To disclose or not? Julia Gilchrist on disclosing her hearing loss during a job interview

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WHEN JULIA GILCHRIST’S processor batteries died in the middle of a job interview, it could have been a negative experience.

Instead, the 37-year-old corporate communications specialist seized the opportunity to show the interview panel how well she works under pressure.

‘I pulled the new batteries out of my handbag, kept giving the answer I was giving them, changed the batteries, put the processor back on and asked “Do you have any more questions?”.’

This opened a discussion about the possible impact of Julia’s hearing loss on her ability to do the job. Julia has been living with a cochlear implant since the age of 20 and is about to upgrade to a Cochlear™ Nucleus® Kanso® Sound Processor.

Julia was born profoundly deaf and diagnosed at age 18 months with bilateral sensorineural hearing loss. After completing high school, she graduated from university with a double major in communications and politics.

The battery incident in the job interview allowed Julia to reassure the panel that, flat batteries aside, her hearing loss would not affect her performance. The panel was impressed by how she handled the situation.

‘You need to package yourself as strong and sell your resilience,’ says Julia.

For many recipients, Julia’s experience prompts several questions: when should you disclose your hearing loss when applying for a new job? Is it ok to ask interviewers to repeat questions? Is it reasonable to ask if the interview can be conducted in a quiet place? Will the interview involve a panel of people asking questions?

Recruitment expert Nina Mapson Bone from Beaumont People, a recruitment company in Australia, and Julia give their seven top tips for job seekers with a hearing loss apply for a job:

1 Before applying for a role, question if it’s right for you
Nina recommends avoiding the temptation to apply for too many jobs at once to maximise your chances of success. Find out about the company culture, if the job will suit your skill set, and whether the office is a noisy, open-plan environment.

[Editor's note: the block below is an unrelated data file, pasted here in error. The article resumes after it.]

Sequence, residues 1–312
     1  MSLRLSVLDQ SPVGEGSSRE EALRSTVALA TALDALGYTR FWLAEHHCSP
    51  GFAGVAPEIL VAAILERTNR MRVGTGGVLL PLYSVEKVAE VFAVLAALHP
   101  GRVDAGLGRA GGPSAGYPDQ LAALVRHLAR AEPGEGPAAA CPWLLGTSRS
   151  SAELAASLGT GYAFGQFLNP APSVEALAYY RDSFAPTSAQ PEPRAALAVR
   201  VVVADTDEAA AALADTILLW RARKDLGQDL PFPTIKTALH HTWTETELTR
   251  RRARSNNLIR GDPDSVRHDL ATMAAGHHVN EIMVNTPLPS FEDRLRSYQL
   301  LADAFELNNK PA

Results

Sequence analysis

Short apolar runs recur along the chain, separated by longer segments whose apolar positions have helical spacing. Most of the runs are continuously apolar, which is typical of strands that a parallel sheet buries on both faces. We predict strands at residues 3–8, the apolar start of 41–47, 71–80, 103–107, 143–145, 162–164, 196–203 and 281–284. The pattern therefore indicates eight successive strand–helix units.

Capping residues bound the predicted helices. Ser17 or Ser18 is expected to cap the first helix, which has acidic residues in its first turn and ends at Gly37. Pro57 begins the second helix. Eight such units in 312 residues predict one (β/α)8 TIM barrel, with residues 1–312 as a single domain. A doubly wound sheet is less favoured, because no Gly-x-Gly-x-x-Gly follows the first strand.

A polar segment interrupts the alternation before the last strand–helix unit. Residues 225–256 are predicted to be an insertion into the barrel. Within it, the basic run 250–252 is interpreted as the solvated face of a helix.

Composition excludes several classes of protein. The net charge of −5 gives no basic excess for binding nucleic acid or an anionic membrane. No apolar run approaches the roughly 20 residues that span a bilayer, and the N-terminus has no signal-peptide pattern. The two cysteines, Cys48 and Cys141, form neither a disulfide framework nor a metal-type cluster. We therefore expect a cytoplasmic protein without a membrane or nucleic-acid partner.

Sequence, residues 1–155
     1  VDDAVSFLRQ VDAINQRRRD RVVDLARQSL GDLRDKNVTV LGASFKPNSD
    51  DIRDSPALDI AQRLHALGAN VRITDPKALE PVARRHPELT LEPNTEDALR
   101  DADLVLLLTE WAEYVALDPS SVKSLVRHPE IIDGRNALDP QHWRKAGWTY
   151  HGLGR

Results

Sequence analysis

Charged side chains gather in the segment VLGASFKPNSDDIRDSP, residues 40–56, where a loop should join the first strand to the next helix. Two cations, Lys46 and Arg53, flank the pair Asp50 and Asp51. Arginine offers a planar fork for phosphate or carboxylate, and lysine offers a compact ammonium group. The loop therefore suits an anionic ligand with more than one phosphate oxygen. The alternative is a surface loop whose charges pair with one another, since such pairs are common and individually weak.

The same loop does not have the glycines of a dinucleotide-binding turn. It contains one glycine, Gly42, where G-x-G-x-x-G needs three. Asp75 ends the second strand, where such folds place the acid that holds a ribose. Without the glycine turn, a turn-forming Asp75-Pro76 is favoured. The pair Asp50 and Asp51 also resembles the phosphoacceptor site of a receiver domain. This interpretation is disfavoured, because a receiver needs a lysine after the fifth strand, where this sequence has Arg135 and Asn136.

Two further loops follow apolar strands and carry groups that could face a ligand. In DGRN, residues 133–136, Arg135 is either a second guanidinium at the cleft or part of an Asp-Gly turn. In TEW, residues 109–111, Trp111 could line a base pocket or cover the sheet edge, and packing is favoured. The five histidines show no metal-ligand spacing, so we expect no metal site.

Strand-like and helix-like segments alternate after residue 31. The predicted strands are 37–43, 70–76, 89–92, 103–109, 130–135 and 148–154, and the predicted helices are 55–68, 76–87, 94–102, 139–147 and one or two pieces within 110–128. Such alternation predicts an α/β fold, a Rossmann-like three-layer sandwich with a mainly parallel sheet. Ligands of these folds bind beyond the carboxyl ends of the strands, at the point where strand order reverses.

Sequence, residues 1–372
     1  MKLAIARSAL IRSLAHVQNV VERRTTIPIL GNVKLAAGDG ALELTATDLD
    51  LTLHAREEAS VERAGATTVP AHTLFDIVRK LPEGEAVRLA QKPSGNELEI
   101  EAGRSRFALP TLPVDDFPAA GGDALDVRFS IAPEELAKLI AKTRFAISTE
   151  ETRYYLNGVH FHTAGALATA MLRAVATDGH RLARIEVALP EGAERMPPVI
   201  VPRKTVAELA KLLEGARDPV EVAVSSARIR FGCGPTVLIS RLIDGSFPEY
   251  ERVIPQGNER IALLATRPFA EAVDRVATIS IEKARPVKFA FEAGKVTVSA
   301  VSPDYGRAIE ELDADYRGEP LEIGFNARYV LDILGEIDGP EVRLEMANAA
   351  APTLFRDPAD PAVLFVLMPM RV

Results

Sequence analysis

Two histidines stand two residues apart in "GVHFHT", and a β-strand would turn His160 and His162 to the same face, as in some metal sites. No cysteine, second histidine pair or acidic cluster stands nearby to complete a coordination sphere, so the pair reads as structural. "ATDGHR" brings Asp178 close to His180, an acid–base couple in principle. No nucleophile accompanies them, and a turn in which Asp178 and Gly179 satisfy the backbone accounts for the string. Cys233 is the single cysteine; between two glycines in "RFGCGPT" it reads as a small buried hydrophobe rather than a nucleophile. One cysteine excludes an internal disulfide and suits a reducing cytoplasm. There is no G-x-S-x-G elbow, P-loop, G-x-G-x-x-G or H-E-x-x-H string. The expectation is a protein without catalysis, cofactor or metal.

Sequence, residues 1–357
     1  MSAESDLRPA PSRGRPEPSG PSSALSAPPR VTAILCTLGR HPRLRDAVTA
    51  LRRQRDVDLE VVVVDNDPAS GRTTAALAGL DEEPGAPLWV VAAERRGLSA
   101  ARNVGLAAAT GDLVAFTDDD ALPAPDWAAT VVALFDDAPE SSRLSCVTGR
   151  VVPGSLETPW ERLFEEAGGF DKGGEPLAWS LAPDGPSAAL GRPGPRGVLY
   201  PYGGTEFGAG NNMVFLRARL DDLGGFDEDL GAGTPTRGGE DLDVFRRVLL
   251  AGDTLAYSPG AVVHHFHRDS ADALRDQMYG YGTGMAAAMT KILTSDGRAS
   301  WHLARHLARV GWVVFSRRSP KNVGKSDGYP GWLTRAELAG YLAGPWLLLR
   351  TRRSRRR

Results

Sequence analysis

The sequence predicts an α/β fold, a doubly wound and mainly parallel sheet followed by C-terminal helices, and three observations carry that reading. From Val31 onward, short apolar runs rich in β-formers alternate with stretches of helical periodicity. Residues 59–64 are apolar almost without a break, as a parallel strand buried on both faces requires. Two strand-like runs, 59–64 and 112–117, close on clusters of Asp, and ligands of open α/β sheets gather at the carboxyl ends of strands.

‘If you don’t know what you want you’ll end up in a job you don’t really like.’

Also, find out the essential tasks of the role and make sure you can fulfil the role without interference from your hearing loss.

2 Disclose your hearing loss in the interview – not the application
Job applicants are often competing against a lot of candidates and employers look for ways to vet a high volume of applications. For this reason, Nina suggests disclosing your hearing loss during the interview where you can build a relationship, rather than the initial written application. ‘Give yourself as much opportunity as possible.’ She adds there is often no legal obligation to disclose hearing loss unless it will affect your ability to do the job, though check local laws as part of your job research. Julia agrees that it is best to wait until the interview stage before disclosing your hearing loss unless hearing ability is critical to the role. That way employers are focused on your abilities and not whether employing a person with hearing loss will be good for the company and its image, she says. Nina recommends a brief disclosure during the interview that you have an implant is all that’s needed. ‘That’s probably all the vast majority of people need to say.’ And encourage interviewers to ask any questions about cochlear implants so they don’t make incorrect assumptions, she adds.

‘If you, as a job candidate, make it okay for people to ask questions you’ll actually move very quickly to a point where it’s irrelevant. And that’s the point – it’s all about how good you are for the role.’